14 the impact of nominal rigidities in the United States. We take the value of the actuarial factor equal to implying a steady state interest rate of 3%. Gali and Monacelli 2002) set the value of the labour supply elasticity at 1 3 which implies ϕ = 6. Juillard and al 2006) set the value of the intertemporal elasticity of substitution for the US economy at 0.8, implying = 1/0.8. The value of the elasticty of substitution between domestic and foreign goods is dicult to set due to its dierent impacts on the exchange rate reaction 10. In fact, if this elasticity of substitution is set to a high level, the resulting expenditure switch eect is large so the exchange rate will reacts only modestly to restaure the external equilibrium. In another hand, if this elasticity is low, we have the opposite eect. It can be assimilated to the static argument of the Marshall Lerner condition which implies that there is a critical value for the elasticity of substitution between domestic and foreign goods. If this value is biten, then the eect of a depreciation on the current account is inversed. In dynamic, we have the same phenomenon but in a more complexe way inducing the wealth eect to dominate over the expendtures switching eects. We can envisage to test the model over a η = 1.74 trying to respect the Marchall Lerner conditions 11. Euro Area For the Euro Area, we based our calibration on Smets and Wouters 2003). They estimated the same model as Christiano Eichenbaum and Evans with a comparable methodology. We set β = 0.99 consistent with an annual interest rate of 4% at the steady states. This is consistent with the fact that the European Central Bank sets its interest rate at a higher level than the Federal Reserve. The intertemporal elasticity of substitution is considered to be = 1/0.8 too. At last, we set two dierent values to the elasticity of substitution between domestic and foreign goods : η = So xwer can see that structurally speaking, the USA and the Euro Area diers only with the value of their steady state interest rate. 3.2 Frictions parameters United States In the same way, we set ξ = 6 so that the average mark up of rms on the market is µ = 1.2 as in Christiano, Eichenbaum and Evans 2005) and Gali Monacelli 2002). The value of the θ-probability of no price re-optimization, is estimatd by Walque, Smetz and Wouters 2005). They found that θ = 0.7 in the United States, implying that a price contract last on average 3 quarters. Euro Area The Euro Area is caracterized by a higher level of nominal frictions than the United States. In order to capture this phenomenon, we set the probability of no price re-optimization at θ = 0.75, which imply that the average duration of price contracts is 4 quarters 12. This show directly that the US market is more exible than in the Euro Area. As mentioned above, we set ξ = 6 too for Europe due to simplications of treatment. The two dierences we consider in our calibration are relative to the steady state interest rate and the degree of nominal rigidities. 10 Cosetti and al. 2003) 11 Values taken in De Walque, Smets and Wouters Draft 2005).These values are estimated on a Bayesian way over the period. 12 Walque, Smets and Wouters Draft 2005) 14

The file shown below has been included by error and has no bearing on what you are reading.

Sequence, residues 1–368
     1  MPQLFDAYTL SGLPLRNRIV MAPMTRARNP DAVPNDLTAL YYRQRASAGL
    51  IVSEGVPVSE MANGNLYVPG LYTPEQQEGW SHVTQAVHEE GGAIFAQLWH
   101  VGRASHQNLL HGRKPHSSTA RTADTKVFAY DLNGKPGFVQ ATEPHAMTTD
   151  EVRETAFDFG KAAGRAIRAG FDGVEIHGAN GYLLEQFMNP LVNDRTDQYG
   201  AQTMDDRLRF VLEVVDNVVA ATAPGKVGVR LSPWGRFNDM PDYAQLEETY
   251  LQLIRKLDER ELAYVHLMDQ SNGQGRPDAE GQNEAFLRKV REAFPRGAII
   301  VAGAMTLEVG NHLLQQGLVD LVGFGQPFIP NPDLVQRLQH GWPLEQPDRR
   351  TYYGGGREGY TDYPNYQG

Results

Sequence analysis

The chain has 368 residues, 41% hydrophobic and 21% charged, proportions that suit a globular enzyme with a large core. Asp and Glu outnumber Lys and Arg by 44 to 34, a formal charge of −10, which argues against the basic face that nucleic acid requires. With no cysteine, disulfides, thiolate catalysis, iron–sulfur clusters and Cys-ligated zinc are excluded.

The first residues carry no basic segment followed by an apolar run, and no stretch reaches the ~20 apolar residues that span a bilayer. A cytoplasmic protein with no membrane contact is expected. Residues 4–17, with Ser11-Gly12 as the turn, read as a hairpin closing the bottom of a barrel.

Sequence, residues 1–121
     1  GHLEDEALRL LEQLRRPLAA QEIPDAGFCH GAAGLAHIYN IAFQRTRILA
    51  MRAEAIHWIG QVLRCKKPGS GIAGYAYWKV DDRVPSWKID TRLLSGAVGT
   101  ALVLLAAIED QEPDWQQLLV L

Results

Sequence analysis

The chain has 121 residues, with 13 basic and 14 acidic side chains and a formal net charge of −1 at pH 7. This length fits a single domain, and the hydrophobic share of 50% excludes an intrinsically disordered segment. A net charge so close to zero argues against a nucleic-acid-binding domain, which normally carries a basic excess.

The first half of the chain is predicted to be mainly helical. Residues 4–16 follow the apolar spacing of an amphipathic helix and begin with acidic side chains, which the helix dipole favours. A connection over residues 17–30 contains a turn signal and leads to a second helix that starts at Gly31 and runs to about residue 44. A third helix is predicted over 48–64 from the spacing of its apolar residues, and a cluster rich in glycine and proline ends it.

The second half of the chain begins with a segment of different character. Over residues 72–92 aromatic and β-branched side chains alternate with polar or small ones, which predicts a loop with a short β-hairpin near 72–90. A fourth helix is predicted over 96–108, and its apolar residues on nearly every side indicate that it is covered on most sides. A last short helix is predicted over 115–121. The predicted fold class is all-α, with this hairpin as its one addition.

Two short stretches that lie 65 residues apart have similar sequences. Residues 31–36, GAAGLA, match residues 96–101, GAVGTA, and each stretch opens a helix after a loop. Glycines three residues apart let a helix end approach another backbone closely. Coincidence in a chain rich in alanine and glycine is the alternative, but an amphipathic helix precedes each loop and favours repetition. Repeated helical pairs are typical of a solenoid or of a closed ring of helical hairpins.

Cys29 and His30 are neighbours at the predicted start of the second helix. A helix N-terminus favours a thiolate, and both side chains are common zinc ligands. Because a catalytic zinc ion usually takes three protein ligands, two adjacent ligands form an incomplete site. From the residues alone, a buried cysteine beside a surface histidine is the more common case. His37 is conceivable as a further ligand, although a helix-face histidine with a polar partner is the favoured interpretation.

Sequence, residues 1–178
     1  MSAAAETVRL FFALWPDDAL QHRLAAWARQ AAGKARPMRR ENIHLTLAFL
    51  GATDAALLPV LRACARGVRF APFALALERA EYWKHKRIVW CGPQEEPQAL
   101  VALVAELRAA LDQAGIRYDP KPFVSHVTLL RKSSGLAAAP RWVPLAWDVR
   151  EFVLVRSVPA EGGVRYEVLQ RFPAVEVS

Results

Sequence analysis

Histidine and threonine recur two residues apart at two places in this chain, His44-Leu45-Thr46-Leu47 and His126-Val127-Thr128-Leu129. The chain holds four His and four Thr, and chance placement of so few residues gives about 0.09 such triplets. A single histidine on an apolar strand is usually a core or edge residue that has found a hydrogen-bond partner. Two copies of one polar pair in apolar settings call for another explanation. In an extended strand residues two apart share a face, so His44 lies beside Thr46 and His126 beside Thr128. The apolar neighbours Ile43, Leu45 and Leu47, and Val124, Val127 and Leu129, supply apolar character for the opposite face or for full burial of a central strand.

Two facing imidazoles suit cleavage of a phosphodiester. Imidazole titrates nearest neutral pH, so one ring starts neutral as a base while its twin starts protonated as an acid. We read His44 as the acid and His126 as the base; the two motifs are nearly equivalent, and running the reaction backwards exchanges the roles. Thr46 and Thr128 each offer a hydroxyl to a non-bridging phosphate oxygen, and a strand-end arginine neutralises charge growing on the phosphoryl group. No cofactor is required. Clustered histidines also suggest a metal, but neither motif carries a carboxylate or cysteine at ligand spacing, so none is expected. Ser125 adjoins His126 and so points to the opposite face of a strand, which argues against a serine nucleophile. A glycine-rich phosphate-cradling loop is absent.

15 4 Nash Equilibrium vs. Cooperation equilibrium In this section, we will present the results of our dierent simulations when the monetary authorities implement the optimal rule deduced above. We will look at two kind of shocks. First, we simulate the response of our economy to a cost push shock, then to a technological shock. We will look at the welfare correction issued by this shocks and try to conclude about the importance of monetary cooperation. We assumed our shocks are persistant in xing the correlation parameter equal to We calibrated the standard error of the shock in order to get a current account decit in the Home country approximatively equal to the one experimented by th US nowaddays. 4.1 Optimal monetary policy and Welfare when the Home counry faced a cost push shock Exchange rate reaction and current account adjustment Table 2 presents the instant depreciation of the real and nominal exchange rate linked to the current account decit experiemented by the USA -6,0502%). The rst conclusion we can draw is that the cost push shock lead to a deterioration of the terms of trade which change the current account position to a decit in the Home economy. This is associated to a nominal and real exchange rate depreciation. This depreciation is a strong one 24,686%) in deviation of the steady state value. We have to note that, even if the reaction of the nominal exchange rate has the same kind of shape under the two regimes, the cooperation induces a new steady state level a little higher than before the shock, and a little higher than the one reach under the Nash equilibrium, even if the dierences is a very small one 13. On the other hand, the real exchange rate has the same reaction under the dierent cases. We are tempted to conclude that cooperation do not have an important impact on the evolution of the exchange rate following the shock. Nash Equilibrium Cooperative Equilibrium Nominal depreciation %) 24,686 24,661 Real depreciation %) 12,848 12,826 Table 2: Comparison Nash vs. Cooperative equilibrium Mains IRF and Welfare analysis We present the main impluse response function in appendix C, Figure9 and 10. The cost push shock induces dierent situations for our two countries. The home country experimented a reduction of its level of consumption and an economic expansion while the Foreign economy sees its production reduced of 1,7216% and its aggregated consumption increased by 4,5517% in the period following the shock. This can illustrates the transfert from the USA toward the Euro Area that occur in order to reduce the current account decit: the USA have to produce more in order to transfert au part its output to the Euro Area. In the same time, production in the EA decreases lightly. We have to note that the cost push under cooperation induces a bigger excedent of the european current account. In the same time, the central banks react in the same direction whatever the situation we consider. However, the cooperation implies a smaller reaction of the interest rates to the cost push, as we can see in Table 3). This can be explain by the fact that the monetary authorities react as if there were only a worldwilde economy. So 13 a signicant one? 15